In the Sunday, June 22, 2008, edition of the Dallas Morning News, columnist Steve Blow reported the results of a survey he conducted on the hot-button issues of evolution, stem cell research, and global warming.1 Seeking answers from “a trusted science source,” he sent five questions from recent Gallup surveys to the 18 University of Texas Southwestern Medical Center faculty members who are members of the prestigious National Academy of Sciences. The 16 scientists who responded generally agreed that evolution is true (although one also indicated his belief that humans were created in their present form recently). From this, Blow concluded, “If we want science taught in science classrooms, then only evolution belongs. All else is religion.”
Let’s say that in an effort to discover my bank account balance, I poll a set of financial officers that work in a top real estate firm. Fourteen give their opinion that my account is “plentiful,” and only one suggests that I contact my bank. I therefore conclude that my account must be plentiful and I dismiss the fellow who suggested that I check with the bank, convinced that he must be religiously motivated. After all, the majority ruled against him.
It seems that Blow followed a similar procedure. The UTSMC investigators are certainly top biomedical researchers. However, because a person is an expert on, say, cholesterol and bile acid metabolism, does this make him an expert on the origins of life? How would someone’s knowledge of advanced metabolism qualify him to speak authoritatively on the broad claims of molecules-to-man evolution? These are not overlapping disciplines. In addition, knowledge of evolutionary theory is not required for someone to investigate metabolic processes. Evolution is essentially a story that attempts to explain the unobservable past, while metabolism is a study of presently observable phenomena. In sum, Blow’s approach commits the “appeal to authority” fallacy.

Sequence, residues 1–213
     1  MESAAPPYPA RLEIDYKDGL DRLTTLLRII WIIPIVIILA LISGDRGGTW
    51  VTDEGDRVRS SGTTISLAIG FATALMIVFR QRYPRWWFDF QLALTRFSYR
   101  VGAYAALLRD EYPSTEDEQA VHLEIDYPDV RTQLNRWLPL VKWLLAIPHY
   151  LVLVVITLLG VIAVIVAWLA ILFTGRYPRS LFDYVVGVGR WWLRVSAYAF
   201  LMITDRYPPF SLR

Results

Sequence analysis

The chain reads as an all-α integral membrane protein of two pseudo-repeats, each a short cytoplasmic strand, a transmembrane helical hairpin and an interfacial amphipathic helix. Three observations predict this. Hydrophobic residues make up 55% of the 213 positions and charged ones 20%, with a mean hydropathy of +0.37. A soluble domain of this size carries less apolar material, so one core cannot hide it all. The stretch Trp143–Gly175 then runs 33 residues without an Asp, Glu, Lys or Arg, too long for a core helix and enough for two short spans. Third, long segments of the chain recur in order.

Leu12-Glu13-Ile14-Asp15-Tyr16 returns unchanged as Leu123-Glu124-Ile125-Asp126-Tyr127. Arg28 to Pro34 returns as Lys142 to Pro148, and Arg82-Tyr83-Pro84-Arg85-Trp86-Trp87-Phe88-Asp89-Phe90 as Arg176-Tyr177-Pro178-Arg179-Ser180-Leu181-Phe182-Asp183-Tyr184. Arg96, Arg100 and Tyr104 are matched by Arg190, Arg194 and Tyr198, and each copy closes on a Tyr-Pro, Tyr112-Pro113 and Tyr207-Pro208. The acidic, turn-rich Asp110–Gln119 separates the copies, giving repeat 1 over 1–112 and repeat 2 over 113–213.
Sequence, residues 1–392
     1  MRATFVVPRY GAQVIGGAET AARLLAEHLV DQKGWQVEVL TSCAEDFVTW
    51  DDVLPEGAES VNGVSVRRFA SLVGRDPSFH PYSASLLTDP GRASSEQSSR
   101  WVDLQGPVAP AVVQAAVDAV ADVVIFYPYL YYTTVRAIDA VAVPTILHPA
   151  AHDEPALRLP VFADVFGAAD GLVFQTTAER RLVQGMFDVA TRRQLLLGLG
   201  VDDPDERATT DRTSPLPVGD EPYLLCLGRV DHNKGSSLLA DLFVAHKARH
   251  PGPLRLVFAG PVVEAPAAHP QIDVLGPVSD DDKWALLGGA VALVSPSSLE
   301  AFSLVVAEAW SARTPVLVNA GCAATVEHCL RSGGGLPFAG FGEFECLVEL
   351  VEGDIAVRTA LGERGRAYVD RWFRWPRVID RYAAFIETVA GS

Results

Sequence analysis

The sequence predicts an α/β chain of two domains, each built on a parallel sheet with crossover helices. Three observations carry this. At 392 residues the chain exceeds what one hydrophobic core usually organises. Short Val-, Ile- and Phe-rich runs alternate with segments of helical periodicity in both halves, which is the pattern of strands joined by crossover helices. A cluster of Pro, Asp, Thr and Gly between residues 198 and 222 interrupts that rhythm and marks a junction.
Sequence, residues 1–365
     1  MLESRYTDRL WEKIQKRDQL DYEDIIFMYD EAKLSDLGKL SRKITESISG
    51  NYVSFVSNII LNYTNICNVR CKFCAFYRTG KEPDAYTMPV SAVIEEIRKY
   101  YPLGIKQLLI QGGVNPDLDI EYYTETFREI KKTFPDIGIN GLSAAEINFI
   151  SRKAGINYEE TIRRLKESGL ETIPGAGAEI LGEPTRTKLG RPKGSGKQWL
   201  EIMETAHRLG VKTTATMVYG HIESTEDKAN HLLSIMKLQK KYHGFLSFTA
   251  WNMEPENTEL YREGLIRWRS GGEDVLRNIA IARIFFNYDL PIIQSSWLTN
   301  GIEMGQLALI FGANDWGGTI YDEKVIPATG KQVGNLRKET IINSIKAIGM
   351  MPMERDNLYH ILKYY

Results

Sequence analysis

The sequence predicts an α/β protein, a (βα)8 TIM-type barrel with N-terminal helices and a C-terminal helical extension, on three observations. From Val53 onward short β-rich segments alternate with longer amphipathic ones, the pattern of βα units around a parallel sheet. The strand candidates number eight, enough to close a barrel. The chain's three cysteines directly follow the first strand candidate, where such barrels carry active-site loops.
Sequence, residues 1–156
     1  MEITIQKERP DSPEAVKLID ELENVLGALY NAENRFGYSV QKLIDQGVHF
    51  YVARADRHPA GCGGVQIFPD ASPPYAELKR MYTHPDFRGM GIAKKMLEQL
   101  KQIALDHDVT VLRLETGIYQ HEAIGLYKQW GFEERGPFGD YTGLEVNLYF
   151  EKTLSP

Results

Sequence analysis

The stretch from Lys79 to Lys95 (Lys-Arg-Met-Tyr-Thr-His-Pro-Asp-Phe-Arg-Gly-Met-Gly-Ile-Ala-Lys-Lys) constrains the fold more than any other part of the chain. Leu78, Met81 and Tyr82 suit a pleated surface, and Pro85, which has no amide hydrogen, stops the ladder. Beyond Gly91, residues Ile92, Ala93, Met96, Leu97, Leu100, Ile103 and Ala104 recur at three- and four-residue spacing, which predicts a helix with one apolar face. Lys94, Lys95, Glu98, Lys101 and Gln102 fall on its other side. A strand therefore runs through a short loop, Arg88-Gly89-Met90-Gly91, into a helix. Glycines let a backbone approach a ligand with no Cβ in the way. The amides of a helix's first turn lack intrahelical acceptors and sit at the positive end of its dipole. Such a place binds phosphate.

Also, truth is not determined by majority vote. It doesn’t matter if everyone in the world tells me that my bank account is plentiful if the one person who knows—my banker—says I am broke. Thus, evolution is cited as true solely because the majority believe it.2
A third flaw in the Morning News article is that the conclusions do not logically follow from the survey’s results. Since 15 of 16 scientists believed in millions of years of evolution, Blow deduced that only evolution belongs in science classrooms. This is a non sequitur, reflecting a host of assumed and unproven (though often repeated) premises, including “evolution is science” and “any non-evolutionary origin theory is religion.” If the so-called evolution of particles-to-people is good empirical science, then why have there been no experiments that clearly and repeatedly demonstrate the transmutation of species?3
Also, why is the evolutionary worldview portrayed as science rather than religion? Evolution consists of representatives (often scientists) who teach its doctrines and persuade others to believe in its story, and even in its founder. It answers the big questions of origin, purpose, and destiny.4 Blow’s commentary is an attempt to prop up the “only evolution belongs” mantra. If macroevolution could be demonstrated by real science and shown to be more than just an interpretive filter, then there would be no reason for its defenders to resort to elitist bluster. Since there is no empirical evidence supporting particles-to-people evolution, its precepts become matters of blind faith.5